Search Results: "Georg Büchner"


BOOK REVIEW

THE FAIRY TALE OF THE WORLD by Georg Büchner
FICTION
Released: Nov. 1, 2010

"This may be a good companion for those studying Büchner, but it's sure not for the usual picture-book audience. (Picture book. 12 & up)"
Once there was a poor child who had no father or mother—they, like everyone in the world, had died. Read full book review >

BOOK REVIEW

PAULINE by Georg Hallensleben
Released: Oct. 5, 1999

"The spreads are presented from a weasel's-eye-view are particularly captivating and reinforce Pauline's small stature and mighty impact. (Picture book. 3-6.)"
Pauline (32 pp.; $16.00; Oct. 5; 0-374-35758-7) The illustrator of Kate Banks's many books (The Bird, the Monkey, and the Snake in the Jungle, p. 62, etc,) goes solo for a tale that proves children's suspicion that bigger isn't always better. Read full book review >

BOOK REVIEW

SOLTI ON SOLTI by Georg Solti
BIOGRAPHY & MEMOIR
Released: Oct. 21, 1997

"An adequate rendering by a man renowned in the musical world for his excellence. (16 pages photos, not seen) (First printing of 50,000)"
A behind-some-of-the-scenes look at the life and thoughts of one of the 20th century's greatest conductors. Read full book review >

BOOK REVIEW

NON-FICTION
Released: March 9, 1992

"An innovative treatment, muddied slightly by Feuerstein's slack writing style and tendency to overstatement. (Illustrations.)"
Here, Feuerstein (Holy Madness, 1991) tackles the spiritual potential of sex—comparing and contrasting motifs and practices from neolithic to neo-pagan times to conclude that we need to reconnect with the ancient experience of the energy of sex. ``Our civilization encourages us to neglect the lived body, even to ignore and deprecate it,'' writes Feuerstein. ``This dovetails with the Christian ideology that the body is corrupt and that we must therefore place our attention on the Eternal, the paradise beyond the finite human body and its concerns.'' Feuerstein contrasts our disembodied, guilt-filled state with neolithic Goddess cults that purportedly encouraged—and worshipped—a magically potent, boundlessly creative female sexuality. Read full book review >

BOOK REVIEW

THE NEW BOOK OF OPTICAL ILLUSIONS by Georg Rüschemeyer
Released: Nov. 1, 2015

"Browsers and budding neurologists alike will be dazzled, dizzied, and delighted. (Nonfiction. 8 & up)"
A substantial gallery of optical puzzlers and deceivers, with notes on their creators and discoverers. Read full book review >

BOOK REVIEW

NON-FICTION
Released: Aug. 1, 1991

"A provocative and personally charged attempt to reconcile an ancient spiritual form to the modern age."
Here, Feuerstein (The Encyclopedic Dictionary of Yoga, 1990- -not reviewed) explores the arcane and dramatic world of ``crazy wisdom''—the purposefully outrageous, convention-destroying behavior of spiritual adepts in every great tradition—peppering his fascinating historical survey of gurus and tricksters with insights from modern psychology and his own experience in an unnamed contemporary cult. ``In their realization or experience, adepts may be above good and evil,'' Feuerstein writes. ``In their actions, however, they are not.'' Tracing the shadowy tradition of crazy wisdom from the self-abnegating ``Holy Fools'' of early Christianity and Sufism (the ``Way of Blame'') to the greatly accomplished teaching adepts of India and Tibet (including the legendary Milarepa), Feuerstein paints a richly suggestive picture of ``crazy wise'' spiritual experience—as solitary and superb as a saint pretending to be mad. Read full book review >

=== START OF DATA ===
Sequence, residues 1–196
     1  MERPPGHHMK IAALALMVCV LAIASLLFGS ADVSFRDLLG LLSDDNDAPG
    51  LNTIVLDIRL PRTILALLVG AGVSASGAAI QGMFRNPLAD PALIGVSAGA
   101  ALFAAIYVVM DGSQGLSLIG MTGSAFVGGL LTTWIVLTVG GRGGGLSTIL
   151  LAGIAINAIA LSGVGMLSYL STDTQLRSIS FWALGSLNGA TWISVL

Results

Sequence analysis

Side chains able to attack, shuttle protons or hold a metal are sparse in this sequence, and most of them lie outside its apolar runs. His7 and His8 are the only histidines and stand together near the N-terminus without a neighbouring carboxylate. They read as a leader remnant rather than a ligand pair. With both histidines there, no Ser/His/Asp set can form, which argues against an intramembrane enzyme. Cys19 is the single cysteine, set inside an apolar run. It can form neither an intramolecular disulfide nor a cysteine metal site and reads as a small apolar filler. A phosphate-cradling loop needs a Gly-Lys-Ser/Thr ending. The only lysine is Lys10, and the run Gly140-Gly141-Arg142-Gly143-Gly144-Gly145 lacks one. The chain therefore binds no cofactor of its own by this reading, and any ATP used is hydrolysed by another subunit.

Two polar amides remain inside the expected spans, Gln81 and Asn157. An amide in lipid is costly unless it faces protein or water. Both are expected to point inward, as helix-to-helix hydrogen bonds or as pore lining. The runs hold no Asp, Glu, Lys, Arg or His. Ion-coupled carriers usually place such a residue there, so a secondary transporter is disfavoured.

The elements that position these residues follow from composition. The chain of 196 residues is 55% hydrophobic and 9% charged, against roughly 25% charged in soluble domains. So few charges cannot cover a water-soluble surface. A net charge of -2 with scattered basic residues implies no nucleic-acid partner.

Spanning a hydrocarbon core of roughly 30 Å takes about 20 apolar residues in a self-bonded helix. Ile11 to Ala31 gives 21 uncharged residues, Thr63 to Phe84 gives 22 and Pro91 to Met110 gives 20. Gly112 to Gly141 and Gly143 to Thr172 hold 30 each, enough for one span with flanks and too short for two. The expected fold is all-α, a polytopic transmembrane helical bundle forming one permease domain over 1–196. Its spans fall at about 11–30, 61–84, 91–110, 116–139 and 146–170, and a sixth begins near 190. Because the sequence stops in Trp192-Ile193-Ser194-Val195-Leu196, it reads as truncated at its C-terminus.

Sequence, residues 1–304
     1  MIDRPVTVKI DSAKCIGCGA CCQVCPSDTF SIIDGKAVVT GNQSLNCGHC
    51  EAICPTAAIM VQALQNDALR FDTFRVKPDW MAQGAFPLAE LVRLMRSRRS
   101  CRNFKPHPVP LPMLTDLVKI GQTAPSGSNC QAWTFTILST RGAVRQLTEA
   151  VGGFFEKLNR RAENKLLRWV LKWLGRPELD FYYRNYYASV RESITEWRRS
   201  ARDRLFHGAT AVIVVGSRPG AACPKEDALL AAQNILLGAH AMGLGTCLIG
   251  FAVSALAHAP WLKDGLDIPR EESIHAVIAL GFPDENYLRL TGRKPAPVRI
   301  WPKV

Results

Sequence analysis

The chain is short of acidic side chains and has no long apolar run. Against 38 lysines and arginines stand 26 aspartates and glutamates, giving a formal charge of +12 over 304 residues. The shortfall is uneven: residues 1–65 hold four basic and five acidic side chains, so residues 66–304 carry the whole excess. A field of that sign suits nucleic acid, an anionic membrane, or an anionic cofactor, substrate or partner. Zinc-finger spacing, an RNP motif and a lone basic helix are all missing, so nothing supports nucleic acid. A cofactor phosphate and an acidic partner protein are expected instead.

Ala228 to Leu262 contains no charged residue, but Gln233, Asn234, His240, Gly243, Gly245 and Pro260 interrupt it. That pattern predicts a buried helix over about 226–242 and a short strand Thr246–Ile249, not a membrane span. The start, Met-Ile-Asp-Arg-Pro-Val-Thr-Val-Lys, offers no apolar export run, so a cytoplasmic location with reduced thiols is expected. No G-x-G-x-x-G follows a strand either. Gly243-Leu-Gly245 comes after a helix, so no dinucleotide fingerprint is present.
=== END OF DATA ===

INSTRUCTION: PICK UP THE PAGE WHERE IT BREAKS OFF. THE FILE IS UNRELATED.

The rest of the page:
BOOK REVIEW

THE CAT WHO WALKED ACROSS FRANCE by Kate Banks
ANIMALS
Released: March 2, 2004

"Beautifully realized. (Picture book. 5-8)"
With the rich palette and thick brushwork of Rouault or Gauguin, Hallensleben magically captures the light of France and the forthright courage of a small gray cat. Read full book review >

BOOK REVIEW

THE NIGHT WORKER by Kate Banks
BEDTIME BOOK
Released: Aug. 28, 2000

"The pictured warmth of the father-son relationship combines with restrained yet poetic text to make this 'take your son to work night' a special one indeed. (Picture book. 2-6)"
The team behind And If the Moon Could Talk (1998) relates what happens one night when Alex achieves his wish to go to work with Papa, a nighttime engineer on a construction site. Read full book review >

BOOK REVIEW

FOX by Kate Banks
Kirkus Star
by Kate Banks, illustrated by Georg Hallensleben
CHILDREN'S
Released: March 5, 2007

"Hallensleben's lush, brushy landscapes of sunny greens and moonlit blues, his coppery, winsome fox pup and Banks's wise, spare lines combine for a package sure to gratify preschoolers and caregivers alike. (Picture book. 2-6)"
The team behind The Great Blue House (2005) bestows yet another treat, this time tracing the maturation of a fox pup from his spring birth to fall, as he leaves his parents. Read full book review >

BOOK REVIEW

CLOSE YOUR EYES by Kate Banks
ANIMALS
Released: Sept. 24, 2002

"While not terribly original, parents searching for another way to convince little ones to go to sleep might give this one a try if for no other reason to share the pictures before bedtime. (Picture book. 3-6)"
A familiar dance between mother and child begins as the night descends on the jungle and the little tiger refuses to close his eyes and go to sleep. Read full book review >

BOOK REVIEW

MOMMY SNUGGLES by Anne Gutman
CHILDREN'S
Released: April 4, 2017

"Delightfully simple and spot-on. (Board book. 6 mos.-3)"
Across the animal kingdom parents and their babies share a tender bond. Read full book review >

BOOK REVIEW

King of Jerusalem by Hans Georg Jakobowicz
FICTION & LITERATURE
Released: June 2, 2014

"A charged political tale infused with just the right amount of humanity."
A modern-day fable about the last living king of Jerusalem. Read full book review >